More than thirty dead as tornadoes rip across southeastern US

Severe storms and tornadoes devastated several states in the Southeast over the weekend. Over 30 people have died across the region from the dozens of tornadoes which ravaged through Mississippi, South Carolina, and Georgia. The natural disaster comes as nationwide stay-at-home orders due to COVID-19 have left millions out of work and in precarious situations.

Over the course of about two days, 71 tornadoes were reported in nine different states across the South. Over a million homes lost power during the series of storms. Two days later, half a million people remain without power.

Hundreds of homes were destroyed as the tornadoes ripped through neighborhoods. Emergency crews were reportedly unable to reach many of the more devastated areas due to debris and damage to roads and bridges. Hundreds, if not thousands of people are now homeless, looking for refuge and therefore at greater risk of catching and spreading the virus.

According to reports, the tornadoes that hit Mississippi were particularly destructive, with the most powerful tornado being classified with the rare EF-4 rating with winds up to 170mph.

Strong gusts of wind, up to 80 mph in Georgia and Florida, along with deadly tornadoes, were also reported in those states. By Monday afternoon, tornado watches stretched as far north as Virginia and Washington DC, as well as parts of Maryland and Pennsylvania.

Southern Mississippi remains the hardest hit in the region with 11 reported deaths. Supercell thunderstorms arrived one after another on Sunday carving a path of destruction across several miles.

On Monday, Mississippi Governor Tate Reeves posted a series of tweets about the storms, the worst the state has seen in over a decade. Underscoring the severity of the storms, he wrote: “We are used to tornadoes in Mississippi. No one is used to this, ” the governor tweeted, “Winds topped 200 mph. The trail was long and devastating.”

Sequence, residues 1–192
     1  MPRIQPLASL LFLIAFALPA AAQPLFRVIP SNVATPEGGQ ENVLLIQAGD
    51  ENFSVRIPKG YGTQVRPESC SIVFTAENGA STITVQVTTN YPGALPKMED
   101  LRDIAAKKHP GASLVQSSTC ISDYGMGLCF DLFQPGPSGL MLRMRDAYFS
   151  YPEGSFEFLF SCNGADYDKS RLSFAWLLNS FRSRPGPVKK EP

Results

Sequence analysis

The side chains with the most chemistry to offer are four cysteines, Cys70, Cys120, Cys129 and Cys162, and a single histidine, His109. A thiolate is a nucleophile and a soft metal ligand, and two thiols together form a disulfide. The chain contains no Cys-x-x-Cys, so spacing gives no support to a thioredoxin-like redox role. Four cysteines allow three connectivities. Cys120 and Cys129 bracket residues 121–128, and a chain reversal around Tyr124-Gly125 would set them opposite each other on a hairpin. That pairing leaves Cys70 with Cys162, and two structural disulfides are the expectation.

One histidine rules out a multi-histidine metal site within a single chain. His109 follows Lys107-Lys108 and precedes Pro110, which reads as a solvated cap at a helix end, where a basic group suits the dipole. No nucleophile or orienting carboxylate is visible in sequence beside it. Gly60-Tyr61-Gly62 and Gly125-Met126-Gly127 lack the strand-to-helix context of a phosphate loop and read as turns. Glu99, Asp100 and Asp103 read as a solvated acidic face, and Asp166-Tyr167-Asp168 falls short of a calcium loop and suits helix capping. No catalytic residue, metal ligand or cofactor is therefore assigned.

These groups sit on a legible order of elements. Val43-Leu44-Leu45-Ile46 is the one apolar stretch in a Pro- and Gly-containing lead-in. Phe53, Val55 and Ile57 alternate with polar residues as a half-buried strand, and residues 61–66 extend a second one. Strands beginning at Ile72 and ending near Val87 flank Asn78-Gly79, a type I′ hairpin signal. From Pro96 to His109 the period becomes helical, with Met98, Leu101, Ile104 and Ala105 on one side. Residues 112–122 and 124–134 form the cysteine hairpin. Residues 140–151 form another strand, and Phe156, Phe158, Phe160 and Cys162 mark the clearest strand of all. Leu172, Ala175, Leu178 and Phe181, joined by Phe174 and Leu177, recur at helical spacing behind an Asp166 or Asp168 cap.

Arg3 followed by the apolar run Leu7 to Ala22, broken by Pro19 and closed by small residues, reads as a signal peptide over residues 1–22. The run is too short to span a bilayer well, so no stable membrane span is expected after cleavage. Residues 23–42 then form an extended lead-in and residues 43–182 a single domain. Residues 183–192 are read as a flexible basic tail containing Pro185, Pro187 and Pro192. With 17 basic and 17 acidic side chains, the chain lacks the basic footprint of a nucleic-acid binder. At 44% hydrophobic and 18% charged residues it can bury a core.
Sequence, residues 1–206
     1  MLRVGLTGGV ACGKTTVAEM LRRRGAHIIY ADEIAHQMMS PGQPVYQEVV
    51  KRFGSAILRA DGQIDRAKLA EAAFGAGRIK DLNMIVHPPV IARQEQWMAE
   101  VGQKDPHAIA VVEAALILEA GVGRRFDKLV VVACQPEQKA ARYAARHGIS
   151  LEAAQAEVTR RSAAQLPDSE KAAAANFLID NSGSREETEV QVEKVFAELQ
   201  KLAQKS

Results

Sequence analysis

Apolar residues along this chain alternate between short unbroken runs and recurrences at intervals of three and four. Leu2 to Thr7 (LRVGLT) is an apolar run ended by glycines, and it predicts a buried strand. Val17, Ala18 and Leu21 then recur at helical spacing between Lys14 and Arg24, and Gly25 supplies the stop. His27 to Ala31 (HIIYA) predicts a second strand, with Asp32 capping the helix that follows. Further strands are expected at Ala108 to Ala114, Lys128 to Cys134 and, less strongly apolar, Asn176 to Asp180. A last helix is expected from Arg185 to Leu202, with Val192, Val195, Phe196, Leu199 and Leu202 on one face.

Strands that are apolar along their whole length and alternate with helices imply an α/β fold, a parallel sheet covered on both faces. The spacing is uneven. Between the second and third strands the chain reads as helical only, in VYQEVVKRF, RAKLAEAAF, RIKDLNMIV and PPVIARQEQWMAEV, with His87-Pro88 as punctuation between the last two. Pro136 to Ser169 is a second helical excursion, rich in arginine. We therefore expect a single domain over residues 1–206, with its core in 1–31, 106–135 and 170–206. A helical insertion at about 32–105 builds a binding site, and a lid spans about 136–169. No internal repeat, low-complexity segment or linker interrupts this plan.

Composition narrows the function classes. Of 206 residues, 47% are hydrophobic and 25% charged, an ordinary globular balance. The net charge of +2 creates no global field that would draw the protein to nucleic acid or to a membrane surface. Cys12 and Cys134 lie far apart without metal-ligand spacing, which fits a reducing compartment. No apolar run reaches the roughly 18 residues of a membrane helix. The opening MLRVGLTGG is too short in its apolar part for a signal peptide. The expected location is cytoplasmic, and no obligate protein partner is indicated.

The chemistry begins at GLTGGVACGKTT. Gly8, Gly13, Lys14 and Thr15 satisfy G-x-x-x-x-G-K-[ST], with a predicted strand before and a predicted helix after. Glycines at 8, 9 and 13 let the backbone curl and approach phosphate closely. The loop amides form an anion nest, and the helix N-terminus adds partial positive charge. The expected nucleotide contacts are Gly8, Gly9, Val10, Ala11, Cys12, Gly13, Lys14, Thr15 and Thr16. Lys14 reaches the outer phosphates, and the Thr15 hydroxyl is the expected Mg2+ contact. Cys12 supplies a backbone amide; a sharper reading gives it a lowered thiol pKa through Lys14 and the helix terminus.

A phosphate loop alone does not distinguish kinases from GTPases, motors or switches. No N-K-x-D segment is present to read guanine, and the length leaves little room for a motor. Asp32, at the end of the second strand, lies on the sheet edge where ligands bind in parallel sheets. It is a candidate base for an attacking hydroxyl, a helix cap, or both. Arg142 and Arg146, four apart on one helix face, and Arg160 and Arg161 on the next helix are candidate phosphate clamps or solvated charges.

Mississippi residents responded on Twitter by taking the governor to task for his failure to prepare properly for the COVID-19 pandemic, which some say exacerbated the impact of these already devastating storms.

“Tornado Emergencies,” a rare and more extreme weather warning issued when weather events merit a stronger response than the usual “Tornado Warning” designation, were also issued in Monroe, Louisiana; Chattanooga, Tennessee; and Walterboro, South Carolina.

Dozens have been injured across these impacted states whose hospitals are already flooded by COVID-19 patients.

In Georgia, at least eight people died as tornadoes tore through mobile home parks in Murray County and Bartow County.

Alexandra Vargas, a resident of Chatsworth, Georgia, described the scene as she got a tornado warning alert on her phone soon before the tornado coursed through her neighborhood. “It was like a train derailing,” Vargas said, describing the roar of the tornado, “Shook the entire house. And you could hear trees snapping and debris hitting the roof.”

In South Carolina, at least nine people were killed, including Jack Harvill, a 77-year-old security guard working at a BorgWarner auto parts production plant. Harvill, who was working security for the plant under the employment of American Security contractors, died from blunt force traumatic injuries when the building he was working in collapsed at around 3:30 a.m.

The causes of death for many in Mississippi and South Carolina were the result of trees crashing into mobile homes. One woman in Alabama took to social media to describe the destruction in their neighborhood and the impact on her family: “The power was out for three days. We’ve probably lost several hundred dollars worth of food.” Countless others have also posted on Twitter about the setbacks experienced because of these storms. One person wrote: “Power loss = loss of everything in the freezer. People will be forced to start from scratch as grocery stores are already running out of food because of the pandemic.”

The chief of forecast operations at the National Weather Service’s Storm Prediction Center, Bill Bunting, told New York Times reporters, “Unfortunately, it has played out like we feared. All of the ingredients, all the conditions we look for when we’re forecasting tornadoes and strong tornadoes were in place.”

In Monroe, Louisiana, a large tornado ripped through several neighborhoods and a nearby airport, with wind gusts up to 65 mph. In a statement, the Monroe city mayor said that some 200-300 homes were destroyed.

In a video that went viral on Twitter, a resident describes the aftermath: “It just wiped out everything around me.” Natural disasters such as these are made incalculably worse because of the immense social crisis gripping the region. Decades of neglect and defunding have led to crumbling infrastructure and job losses, all exacerbated by the rampant lack of health services and a gutted health care system. Such events on top of a deadly pandemic ravaging the nation could prove catastrophic to the poor and working-class populations that get hit the hardest.